Franklin D. Roosevelt warned Congress, January 3, 1940:

“Doctrines that set group against group, faith against faith, race against race, class against class,

fanning the fires of hatred in men too despondent, too desperate to think for themselves, were used as rabble-rousing slogans on which dictators could ride to power.

And once in power they could saddle their tyrannies on whole nations.”

Theodore Roosevelt addressed the Knights of Columbus, New York City, October 12, 1915

“The one absolutely certain way of bringing this nation to ruin … would be to permit it to become a tangle of squabbling nationalities, an intricate knot of German-Americans, Irish-Americans, English- Americans, French-Americans, Scandinavian- Americans, or Italian-Americans …”

Roosevelt added:

There is no room in this country for hyphenated Americanism … The man who puts German or Irish or English or French before the hyphen … Our allegiance must be purely to the United States.”

Senator Henry Cabot Lodge addressed the New England Society of Brooklyn, December 21, 1888:

“Let us have done with British-Americans and Irish-Americans and German-Americans, and so on, and all be Americans …

If a man is going to be an American at all let him be so without any qualifying adjectives; and if he is going to be something else, let him drop the word American from his personal description.”

History has many examples of democracies and republics which fell because citizens abandoned patriotism and divided their allegiances into competing groups.

In ancient Israel, Abimelech sowed discord in the city Shechem, and raided the Temple of Baalberith for money to bribe some citizens to abandon patriotism to the Hebrew Republic.

With his “vain and worthless” followers, he killed the sons of Gideon and declared him king.

In ancient Greece, Philip the Second of Macedon, the father of Alexander the Great, bribed some citizens of the Athenian Democracy to abandon patriotism and betray their city by sowing discord, thus weakening Athens’ defenses, allowing Philip to seize control.

In ancient Rome, Julius Caesar raided the treasury of the Temple of Saturn for money to bribe some citizens to abandon patriotism to the Roman Republic, join him in fighting Pompey, and declare him dictator for life.

Machiavelli, Hegel, Marx, Lenin, Hitler, and Alinsky followed this example of hiring agitators to sow discord and disunity, resulting in citizens abandoning patriotism and dividing into groups, thus weakening the country and allowing a dictator to usurp power.

Mark Twain wrote:

“Patriotism is supporting your country all the time and your government when it deserves it.”

Nathan Hale’s nephew was Massachusetts Governor Edward Everett.

At the dedication of the Gettysburg Battlefield, Edward Everett spoke for two hours.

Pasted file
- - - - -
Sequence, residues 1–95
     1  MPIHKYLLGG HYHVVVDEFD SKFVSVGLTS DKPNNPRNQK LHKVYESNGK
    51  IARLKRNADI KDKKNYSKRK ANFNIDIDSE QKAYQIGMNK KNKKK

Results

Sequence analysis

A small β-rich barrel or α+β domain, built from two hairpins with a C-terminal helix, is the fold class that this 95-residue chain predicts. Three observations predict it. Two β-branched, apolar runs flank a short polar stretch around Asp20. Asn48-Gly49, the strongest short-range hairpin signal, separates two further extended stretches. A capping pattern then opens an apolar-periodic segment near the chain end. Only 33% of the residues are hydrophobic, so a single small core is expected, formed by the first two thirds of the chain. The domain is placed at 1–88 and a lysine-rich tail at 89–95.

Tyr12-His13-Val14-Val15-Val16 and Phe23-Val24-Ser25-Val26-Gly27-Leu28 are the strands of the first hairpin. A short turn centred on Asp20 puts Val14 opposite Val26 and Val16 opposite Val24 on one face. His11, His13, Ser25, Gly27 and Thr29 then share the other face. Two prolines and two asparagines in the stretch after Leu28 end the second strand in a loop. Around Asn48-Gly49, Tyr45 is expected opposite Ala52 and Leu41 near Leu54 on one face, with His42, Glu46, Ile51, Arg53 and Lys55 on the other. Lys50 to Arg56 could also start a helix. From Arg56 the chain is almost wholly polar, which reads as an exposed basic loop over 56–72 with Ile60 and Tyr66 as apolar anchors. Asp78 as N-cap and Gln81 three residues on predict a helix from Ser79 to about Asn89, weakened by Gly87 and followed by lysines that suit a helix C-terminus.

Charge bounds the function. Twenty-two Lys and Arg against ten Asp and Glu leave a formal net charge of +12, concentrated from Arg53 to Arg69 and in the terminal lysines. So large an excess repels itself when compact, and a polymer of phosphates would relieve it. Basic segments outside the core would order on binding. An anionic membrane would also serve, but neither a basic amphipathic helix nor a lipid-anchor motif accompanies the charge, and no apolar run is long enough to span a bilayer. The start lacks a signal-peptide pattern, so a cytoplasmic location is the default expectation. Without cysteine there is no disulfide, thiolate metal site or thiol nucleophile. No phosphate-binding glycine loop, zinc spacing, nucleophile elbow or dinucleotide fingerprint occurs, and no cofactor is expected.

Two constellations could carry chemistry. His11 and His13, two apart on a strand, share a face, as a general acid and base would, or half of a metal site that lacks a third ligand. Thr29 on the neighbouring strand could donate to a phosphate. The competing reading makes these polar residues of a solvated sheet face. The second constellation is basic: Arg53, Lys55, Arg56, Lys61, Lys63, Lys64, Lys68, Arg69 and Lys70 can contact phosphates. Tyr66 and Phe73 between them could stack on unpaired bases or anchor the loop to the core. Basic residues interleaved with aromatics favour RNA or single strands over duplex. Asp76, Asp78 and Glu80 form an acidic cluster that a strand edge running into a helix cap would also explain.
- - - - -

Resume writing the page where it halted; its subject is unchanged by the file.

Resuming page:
Following him was Abraham Lincoln, who gave his famous ten sentence Gettysburg Address, November 19, 1863.

Edward Everett stated:

“All the distinctive features and superiority of our republican institutions are derived from the teachings of Scripture.”

Edward Everett remarked at the opening of the Dudley Observatory in Albany, New York:

“I am filled with amazement, when I am told, that, in this enlightened age and in the heart of the Christian world, there are persons who can witness this daily manifestation of the power and wisdom of the Creator, and yet say in their hearts, There is no God.”

Nathan Hale’s grand nephew was U.S. Senate Chaplain Edward Everett Hale, who wrote in 1897, “Challenge to the Youth of Boston”:

“As a boy goes on his errand he shall say, ‘To such duty I, too, am born. I am God’s messenger.’

As the young man tells the story to his sweetheart, he shall say, ‘We are God’s children also, you and I, and we have our duties.’

They look backwards, only to look forward.

‘God needs me, that this city may still stand in the forefront of his people’s land. Here am I.

God may draft me for some spiritual duty, as he drafted Dr. Joseph Warren and Benjamin Franklin. Present! Ready for service!

Thank God I come from men who are not afraid in battle.

Thank God, I am born from women whose walk was close to him.

Thank God I am his son.’ And she shall say, ‘I am his daughter.’

He has nations to call to his service. ‘Here am I.’

He has causeways to build, for the march forward of his people. ‘Here am I.’

There are torrents to bridge, highways in deserts, ‘Here am I.’

He has oceans to cross. He has the hungry world to feed. He has the wilderness to clothe in beauty. ‘Here am I.’

God of Heaven, we will be with Thee, as the fathers were. Boys and girls; young men and maidens, listen to the voice which speaks here.”

Capturing this patriotic spirit, American poet Ralph Waldo Emerson wrote in his poem, “Voluntaries,” 1863:

“So nigh is grandeur to our dust,

So near is God to man,

When Duty whispers low, ‘Thou must’

The youth replies, ‘I can.'”